One of the most famous cases was United States v. Kane, which involved a question about what was a protected computer under the law.  In the facts a man named John Kane discovered a software bug that could be triggered to produce jackpots in poker hands via a video poker game.  He and associate won a number of prizes, exploiting the bug and winning hands with tough odds.  One such hand had 820-1 odds, catching the eye of Nevada gaming officials.  Ultimately it was determined that they accessed the machine lawfully and a motion to dismiss charges was granted.  

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Related: The Blackbaud Breach – Queen Data’s Revenge

So what about this case

In VanBuren the question is about terms of use.  Basically a person with authorization and authority to use a system did so, but outside of an official function.  Here a police officer, Nathan VanBuren, was in a dire situation and needed cash.  He chose to reach out to Andrew Albo, a local to Cumming, Georgia where VanBuren was an officer.  Mr. Ablo was well known to local police and the local sheriff’s department, and was also well known in the local area to work in the local prostitution racket.  When he heard from VanBuren he reached out to his old friends at the local sheriff’s department and let them know what was happening.

Albo then became part of a sting operation, where he would offer VanBuren help, in the amount of $6,000 dollars, in exchange for a simple favor.  All VanBuren had to do was look up a license plate number to see if the owner, who was known as a stripper, was also an undercover officer.  The FBI was now involved because of the use of the internet.  VanBuren had proper access, in his role as an officer, to look up license plates to gain information.  But he was limited to doing so in cases that were related to official work.  When VanBuren performed the search he was arrested for computer fraud under the CFAA, convicted, and sentenced to serve eighteen months in federal prison.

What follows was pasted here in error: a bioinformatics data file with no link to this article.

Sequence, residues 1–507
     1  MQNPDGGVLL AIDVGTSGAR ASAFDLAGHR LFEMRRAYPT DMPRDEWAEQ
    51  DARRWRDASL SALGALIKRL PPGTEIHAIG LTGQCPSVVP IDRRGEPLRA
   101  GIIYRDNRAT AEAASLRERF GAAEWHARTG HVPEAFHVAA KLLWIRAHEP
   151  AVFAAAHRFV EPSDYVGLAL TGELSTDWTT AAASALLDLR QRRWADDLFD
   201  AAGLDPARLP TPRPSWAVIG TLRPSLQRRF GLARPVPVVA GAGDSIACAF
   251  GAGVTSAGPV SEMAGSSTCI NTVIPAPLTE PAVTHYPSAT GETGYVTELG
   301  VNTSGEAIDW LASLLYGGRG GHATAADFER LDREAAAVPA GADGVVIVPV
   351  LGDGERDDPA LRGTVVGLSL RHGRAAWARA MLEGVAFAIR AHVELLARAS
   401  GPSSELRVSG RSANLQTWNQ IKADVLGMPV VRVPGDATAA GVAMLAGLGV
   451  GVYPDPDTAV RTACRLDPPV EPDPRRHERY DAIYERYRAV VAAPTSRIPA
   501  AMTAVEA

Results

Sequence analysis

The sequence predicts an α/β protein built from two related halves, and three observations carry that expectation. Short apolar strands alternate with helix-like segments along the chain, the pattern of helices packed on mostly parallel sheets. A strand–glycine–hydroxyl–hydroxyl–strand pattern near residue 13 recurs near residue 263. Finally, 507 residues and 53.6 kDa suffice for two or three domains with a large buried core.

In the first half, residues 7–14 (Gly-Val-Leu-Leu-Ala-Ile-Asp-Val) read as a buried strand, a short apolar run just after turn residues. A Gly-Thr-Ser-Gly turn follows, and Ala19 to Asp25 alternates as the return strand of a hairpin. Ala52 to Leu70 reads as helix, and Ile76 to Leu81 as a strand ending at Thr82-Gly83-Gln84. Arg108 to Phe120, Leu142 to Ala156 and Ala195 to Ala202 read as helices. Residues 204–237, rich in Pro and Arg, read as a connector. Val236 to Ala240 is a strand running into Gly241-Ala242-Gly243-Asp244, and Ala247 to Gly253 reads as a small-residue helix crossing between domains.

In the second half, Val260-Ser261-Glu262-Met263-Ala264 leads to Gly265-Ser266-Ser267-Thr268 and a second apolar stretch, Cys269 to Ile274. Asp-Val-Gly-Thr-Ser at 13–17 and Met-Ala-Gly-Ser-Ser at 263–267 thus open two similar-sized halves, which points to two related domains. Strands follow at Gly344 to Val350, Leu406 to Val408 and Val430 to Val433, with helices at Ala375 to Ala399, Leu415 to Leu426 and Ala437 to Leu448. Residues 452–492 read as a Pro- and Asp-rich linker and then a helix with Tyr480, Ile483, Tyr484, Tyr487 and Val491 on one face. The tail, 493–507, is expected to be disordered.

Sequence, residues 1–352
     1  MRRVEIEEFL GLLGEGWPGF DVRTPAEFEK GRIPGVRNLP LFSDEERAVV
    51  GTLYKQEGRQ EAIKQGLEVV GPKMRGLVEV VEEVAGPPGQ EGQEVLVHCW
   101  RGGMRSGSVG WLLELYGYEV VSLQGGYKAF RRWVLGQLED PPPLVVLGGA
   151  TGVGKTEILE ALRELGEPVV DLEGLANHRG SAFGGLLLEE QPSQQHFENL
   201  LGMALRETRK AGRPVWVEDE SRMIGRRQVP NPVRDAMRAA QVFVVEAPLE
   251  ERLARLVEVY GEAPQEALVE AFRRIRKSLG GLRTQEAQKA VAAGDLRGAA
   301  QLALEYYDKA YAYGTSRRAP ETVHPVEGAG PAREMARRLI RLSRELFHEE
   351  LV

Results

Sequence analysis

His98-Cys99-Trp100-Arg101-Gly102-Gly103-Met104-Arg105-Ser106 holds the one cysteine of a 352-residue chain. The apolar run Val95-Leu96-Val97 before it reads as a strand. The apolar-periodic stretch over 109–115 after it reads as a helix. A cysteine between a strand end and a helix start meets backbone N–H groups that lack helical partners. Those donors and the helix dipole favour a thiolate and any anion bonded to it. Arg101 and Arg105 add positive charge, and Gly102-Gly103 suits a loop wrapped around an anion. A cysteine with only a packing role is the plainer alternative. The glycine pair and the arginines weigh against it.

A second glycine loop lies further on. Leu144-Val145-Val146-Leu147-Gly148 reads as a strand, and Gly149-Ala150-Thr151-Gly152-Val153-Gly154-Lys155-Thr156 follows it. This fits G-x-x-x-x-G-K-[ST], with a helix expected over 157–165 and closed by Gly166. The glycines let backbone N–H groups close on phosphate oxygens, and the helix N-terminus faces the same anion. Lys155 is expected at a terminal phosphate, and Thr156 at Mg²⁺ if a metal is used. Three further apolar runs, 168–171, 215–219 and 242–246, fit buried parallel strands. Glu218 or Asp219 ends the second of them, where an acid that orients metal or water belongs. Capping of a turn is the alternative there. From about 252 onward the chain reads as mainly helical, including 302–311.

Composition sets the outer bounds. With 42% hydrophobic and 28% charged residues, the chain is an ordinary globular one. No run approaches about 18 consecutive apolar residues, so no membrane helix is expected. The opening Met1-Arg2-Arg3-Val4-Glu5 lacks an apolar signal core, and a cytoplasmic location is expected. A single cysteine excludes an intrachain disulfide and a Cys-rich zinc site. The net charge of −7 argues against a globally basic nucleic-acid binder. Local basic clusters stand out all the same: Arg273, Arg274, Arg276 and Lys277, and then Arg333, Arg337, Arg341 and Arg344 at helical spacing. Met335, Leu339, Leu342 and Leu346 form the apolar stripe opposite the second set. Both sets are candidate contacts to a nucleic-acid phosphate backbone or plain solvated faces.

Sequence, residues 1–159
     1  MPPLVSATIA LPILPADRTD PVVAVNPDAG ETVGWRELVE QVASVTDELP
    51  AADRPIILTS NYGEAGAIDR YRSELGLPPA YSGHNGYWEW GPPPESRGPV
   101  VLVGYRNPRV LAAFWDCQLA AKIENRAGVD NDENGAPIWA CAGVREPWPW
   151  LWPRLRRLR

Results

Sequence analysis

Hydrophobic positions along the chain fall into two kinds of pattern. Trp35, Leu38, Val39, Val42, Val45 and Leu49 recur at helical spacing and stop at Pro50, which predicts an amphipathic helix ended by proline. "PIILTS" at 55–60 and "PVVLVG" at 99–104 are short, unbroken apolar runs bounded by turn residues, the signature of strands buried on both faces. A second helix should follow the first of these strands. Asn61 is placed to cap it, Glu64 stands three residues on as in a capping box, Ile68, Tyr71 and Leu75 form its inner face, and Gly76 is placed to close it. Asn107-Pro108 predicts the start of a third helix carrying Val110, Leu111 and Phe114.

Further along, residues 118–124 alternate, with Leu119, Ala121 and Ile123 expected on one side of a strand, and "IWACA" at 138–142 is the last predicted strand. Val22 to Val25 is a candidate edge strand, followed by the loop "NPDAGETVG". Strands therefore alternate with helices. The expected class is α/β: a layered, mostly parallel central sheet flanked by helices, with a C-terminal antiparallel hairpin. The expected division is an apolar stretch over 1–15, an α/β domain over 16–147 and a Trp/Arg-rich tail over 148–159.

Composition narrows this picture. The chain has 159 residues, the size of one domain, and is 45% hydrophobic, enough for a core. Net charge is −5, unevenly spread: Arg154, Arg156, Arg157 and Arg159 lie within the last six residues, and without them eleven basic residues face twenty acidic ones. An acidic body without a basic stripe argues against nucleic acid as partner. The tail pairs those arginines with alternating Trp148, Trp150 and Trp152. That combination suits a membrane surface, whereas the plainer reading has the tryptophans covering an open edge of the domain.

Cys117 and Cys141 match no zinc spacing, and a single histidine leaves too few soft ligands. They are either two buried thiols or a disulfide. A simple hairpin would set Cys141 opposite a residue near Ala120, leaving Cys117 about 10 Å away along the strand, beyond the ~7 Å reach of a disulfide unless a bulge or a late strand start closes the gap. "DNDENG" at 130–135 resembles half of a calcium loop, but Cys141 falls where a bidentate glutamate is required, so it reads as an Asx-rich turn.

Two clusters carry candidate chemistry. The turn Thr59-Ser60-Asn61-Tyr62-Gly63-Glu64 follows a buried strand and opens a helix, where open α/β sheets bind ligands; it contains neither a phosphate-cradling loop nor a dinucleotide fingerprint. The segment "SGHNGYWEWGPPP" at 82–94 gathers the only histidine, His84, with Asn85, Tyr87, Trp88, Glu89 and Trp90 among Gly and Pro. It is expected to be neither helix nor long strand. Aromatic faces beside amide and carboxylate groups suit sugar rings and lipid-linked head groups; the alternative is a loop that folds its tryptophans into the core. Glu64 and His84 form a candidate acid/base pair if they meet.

At issue on appeal is the term of the CFAA that pertains to the specific language of the law about “exceeds authorized access” that applies to VanBuren, who had legal access to the Georgia Crime Information Center (GCIC) site, but went outside his bounds, or may did, depending on how SCOTUS rules.  There has been a split in various circuits about the clause, and in this case, while sympathetic to VanBuren, the Eleventh Circuit upheld their precedent that this clause meant VanBuren had committed a felony.